Reserve Bank Deputy Governor Fundi Tshazibana on Wednesday said the country’s lower lending rate could stay for next two years.
Fundi Tshazibana was speaking at the Absa Annual Fixed Income Conference. She said the South African economy is likely to recover to pre-crisis levels at the end of next year or in 2022.
South Africa’s consumer inflation is likely to remain within the target range of between 3% and 6%. This will allow the Reserve Bank (SARB) to keep an “accommodative” rate stance for at least the next two years.
Interest rates have been cut by 300 basis points so far this year in an effort to help cash-strapped consumers.
“Baring materialisation of upside risks, this benign inflation outlook should allow the SARB to maintain an accommodative stance for most of the coming two years, and only withdraw stimulus in a gradual fashion,” Tshazibana said in a speech at the Absa Anual Fixed Income Conference, published on the SARB website.
Headline consumer price-growth has ticked up gradually in the months following the easing of strict lockdown restrictions, rising to 3.1% year-on-year in August having fallen to a 15-year low of 2.1% in May.
Tshazibana said the outlook for economic growth, which the bank sees contracting 8.2% in 2020, as well as that of the risk premium demand by investors to hold government bonds was uncertain, making an “equilibrium interest rate” difficult to achieve.
Lower inflation combined with the need to support the Covid-19 hit economy has seen the bank cut lending rates by 275 basis points since March to a record low.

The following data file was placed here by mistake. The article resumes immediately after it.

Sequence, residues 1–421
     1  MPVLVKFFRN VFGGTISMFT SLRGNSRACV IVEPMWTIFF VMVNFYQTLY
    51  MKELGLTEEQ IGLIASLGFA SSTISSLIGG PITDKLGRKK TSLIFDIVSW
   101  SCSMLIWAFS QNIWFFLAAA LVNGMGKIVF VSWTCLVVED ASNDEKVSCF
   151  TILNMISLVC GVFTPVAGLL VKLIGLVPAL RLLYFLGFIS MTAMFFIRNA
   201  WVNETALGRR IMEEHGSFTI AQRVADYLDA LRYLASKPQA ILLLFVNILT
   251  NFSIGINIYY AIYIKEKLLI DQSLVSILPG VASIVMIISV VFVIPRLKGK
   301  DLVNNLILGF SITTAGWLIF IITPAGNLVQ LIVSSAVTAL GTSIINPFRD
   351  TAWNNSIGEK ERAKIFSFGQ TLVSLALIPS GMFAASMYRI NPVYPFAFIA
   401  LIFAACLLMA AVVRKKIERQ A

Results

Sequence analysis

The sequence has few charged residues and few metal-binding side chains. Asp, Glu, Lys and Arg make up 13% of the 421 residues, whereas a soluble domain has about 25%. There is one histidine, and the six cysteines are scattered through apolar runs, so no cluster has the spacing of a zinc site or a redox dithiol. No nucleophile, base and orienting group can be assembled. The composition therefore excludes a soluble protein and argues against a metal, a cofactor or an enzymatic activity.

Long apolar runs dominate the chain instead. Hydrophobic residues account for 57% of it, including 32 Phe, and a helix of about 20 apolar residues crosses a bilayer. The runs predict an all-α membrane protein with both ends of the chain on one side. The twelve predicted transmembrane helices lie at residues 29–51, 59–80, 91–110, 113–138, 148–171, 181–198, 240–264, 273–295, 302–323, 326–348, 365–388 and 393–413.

What Can We Take From The Deputy Governor’s Speech?
We can definitely see that the road ahead of us is still long. That being said Tshazibana’s speech concluded by reassuring those listening that although time was needed to bring the economy back to normal the outlook was positive.
Tshazibana said the lockdown has forced many companies to adapt to different ways of work and of doing business, which, if implemented on a larger scale in the coming years, could boost production.
She pointed out that automation, e-commerce and remote working have a potential to play a greater role in economic activity in future.
What Does A Low Lending Rate Mean For You As A Consumer?
Repo rate reduction result in lower borrowing costs for you as a consumer. Essentially this increases your consumer spending capability.
Current debt expenses will be cheaper, meaning additional spending capacity each month. This will be the case provided your income was not affected by the COVID-19 pandemic.
Variable interest rate mortgage bonds will now cost less each month. This means more funds will be left in your account post debit order date.
If you are looking to purchase a new home, lower interest rates mean lower monthly payments.
Monthly car instalments will also reduce for current debt holders. This might also attract consumers to look at purchasing a new vehicle because of affordable interest rates.
Credit cards, overdrafts and personal loans linked to the variable interest rate will come down in cost. This will make short term borrowing more affordable.